Prior to the long-anticipated launch on Nov. 10, 2020, the Xbox Series X and S were subject to a storm of rumors. Next generation console launches often spur outlandish predictions, but the cancellation of E3 and other gaming trade shows and conventions led to even more speculation than usual. Though Microsoft offered information about the philosophy behind the new Xbox and a few details about specs and forthcoming titles in the months leading up to launch, fans hungry for more information started to make up their own theories.
While many of these predictions proved false, like the guess that the next-gen console launch would slip to 2021, a surprising number of rumors were right on the money. Fortunately for gamers, most of the accurate speculation ranged from value-neutral to positive, and the new console seems to be off to a strong start. Here are some of the more prominent predictions that ended up coming true.
Behold the Xbox budget option
The biggest rumor to prove accurate about next-generation Xboxes was the existence of the Xbox Series S. The internet buzzed with speculation about Xbox Lockhart — the codename for the console now known as the Xbox Series S — as early as December 2019. Like Sony, Microsoft allegedly planned on unveiling its next generation consoles in May 2020, but reportedly pushed the new Xbox’s announcement to September after E3 was cancelled due to the coronavirus pandemic.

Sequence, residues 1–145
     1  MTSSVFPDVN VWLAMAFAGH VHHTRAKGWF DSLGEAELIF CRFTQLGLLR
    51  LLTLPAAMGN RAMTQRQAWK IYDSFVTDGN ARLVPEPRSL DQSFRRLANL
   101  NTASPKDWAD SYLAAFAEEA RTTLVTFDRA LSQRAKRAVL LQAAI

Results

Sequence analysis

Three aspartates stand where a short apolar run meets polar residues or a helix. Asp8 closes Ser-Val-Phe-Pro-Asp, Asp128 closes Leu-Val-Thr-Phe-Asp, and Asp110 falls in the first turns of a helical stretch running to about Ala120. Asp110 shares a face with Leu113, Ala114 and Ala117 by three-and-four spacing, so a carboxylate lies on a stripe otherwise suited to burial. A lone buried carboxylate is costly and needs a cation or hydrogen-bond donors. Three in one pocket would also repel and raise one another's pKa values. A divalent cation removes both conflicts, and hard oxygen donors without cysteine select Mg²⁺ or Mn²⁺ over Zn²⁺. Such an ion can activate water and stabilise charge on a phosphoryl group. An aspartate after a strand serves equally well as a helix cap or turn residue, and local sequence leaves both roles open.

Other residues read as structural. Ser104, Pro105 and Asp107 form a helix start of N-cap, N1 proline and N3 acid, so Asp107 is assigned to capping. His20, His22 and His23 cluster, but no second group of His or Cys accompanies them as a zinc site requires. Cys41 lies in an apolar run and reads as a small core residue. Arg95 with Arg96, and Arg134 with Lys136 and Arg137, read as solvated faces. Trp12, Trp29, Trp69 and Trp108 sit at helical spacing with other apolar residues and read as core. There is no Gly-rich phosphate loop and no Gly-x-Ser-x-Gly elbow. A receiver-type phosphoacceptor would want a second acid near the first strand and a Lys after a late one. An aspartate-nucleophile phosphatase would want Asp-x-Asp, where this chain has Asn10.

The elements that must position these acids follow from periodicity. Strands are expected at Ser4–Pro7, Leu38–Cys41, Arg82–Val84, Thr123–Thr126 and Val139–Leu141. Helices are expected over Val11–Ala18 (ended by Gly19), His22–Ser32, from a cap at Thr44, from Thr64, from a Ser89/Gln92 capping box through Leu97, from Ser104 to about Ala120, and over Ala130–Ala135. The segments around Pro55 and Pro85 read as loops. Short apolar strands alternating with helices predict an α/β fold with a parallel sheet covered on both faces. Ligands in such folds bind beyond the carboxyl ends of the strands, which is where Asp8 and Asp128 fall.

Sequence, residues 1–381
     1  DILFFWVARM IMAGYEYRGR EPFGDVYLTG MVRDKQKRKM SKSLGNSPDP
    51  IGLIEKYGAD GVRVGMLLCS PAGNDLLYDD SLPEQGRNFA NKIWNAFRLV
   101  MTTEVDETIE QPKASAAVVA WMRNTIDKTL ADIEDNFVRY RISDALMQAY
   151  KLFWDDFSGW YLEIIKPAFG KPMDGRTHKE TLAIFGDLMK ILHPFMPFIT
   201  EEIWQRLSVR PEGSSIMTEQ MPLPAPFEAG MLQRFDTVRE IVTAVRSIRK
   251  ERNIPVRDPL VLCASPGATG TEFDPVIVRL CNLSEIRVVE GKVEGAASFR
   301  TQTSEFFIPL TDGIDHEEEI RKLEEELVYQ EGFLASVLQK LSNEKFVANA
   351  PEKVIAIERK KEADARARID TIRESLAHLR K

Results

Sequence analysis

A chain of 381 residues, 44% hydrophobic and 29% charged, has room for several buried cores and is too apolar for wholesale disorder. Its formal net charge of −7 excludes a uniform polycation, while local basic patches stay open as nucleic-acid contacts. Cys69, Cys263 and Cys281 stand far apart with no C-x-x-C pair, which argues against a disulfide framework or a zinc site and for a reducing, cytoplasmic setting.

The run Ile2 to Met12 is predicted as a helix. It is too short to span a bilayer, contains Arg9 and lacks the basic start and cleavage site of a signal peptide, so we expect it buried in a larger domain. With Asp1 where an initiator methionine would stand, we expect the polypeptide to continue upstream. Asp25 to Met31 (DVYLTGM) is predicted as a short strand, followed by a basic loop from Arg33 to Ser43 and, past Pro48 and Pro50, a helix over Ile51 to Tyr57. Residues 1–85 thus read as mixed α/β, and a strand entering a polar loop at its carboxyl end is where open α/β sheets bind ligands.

The Xbox Series S is meant to serve as an entry-level price point for next-gen gaming with a few trade-offs, similar to the PlayStation 5′ Digital Edition. The primary differences between the Series S and its big brother, the Xbox Series X, are the storage, processing power, and resolution performance target. The Xbox Series S is also considerably smaller thanks to the lack of a physical disc drive.
The Xbox Series X has better specs than PS5
For the first time since the launch of the original Xbox, Microsoft beat out Sony in terms of raw graphical power at release. Specifically, the Xbox Series X packs a more powerful GPU than the PlayStation 5. Both consoles run on custom-made AMD Radeon RDNA cards, but the Series X has 12 teraflops, while the PS5 has just over 10. The performance discrepancy between the two platforms does not appear to be a game-changer so far, and both the Series X and PlayStation 5 have unique advantages over the competing system.
Eurogamer compared a leak detailing the new Xbox’s specs to the PlayStation 5 on Dec. 30 2019, but many gamers dismissed these claims. Their skepticism is understandable given Sony’s winning track record against Microsoft. But when both company’s laid down their cards, Microsoft’s machine came out ahead — in terms of raw graphical processing power. It is worth noting that the PlayStation 5 surprisingly outperforms the Xbox Series X in certain circumstances despite its weaker GPU. The Xbox Series S also has a less powerful GPU than the PlayStation 5, PlayStation 5 Digital Edition, and the Series X.
Xbox prioritizes an "ecosystem" over exclusivity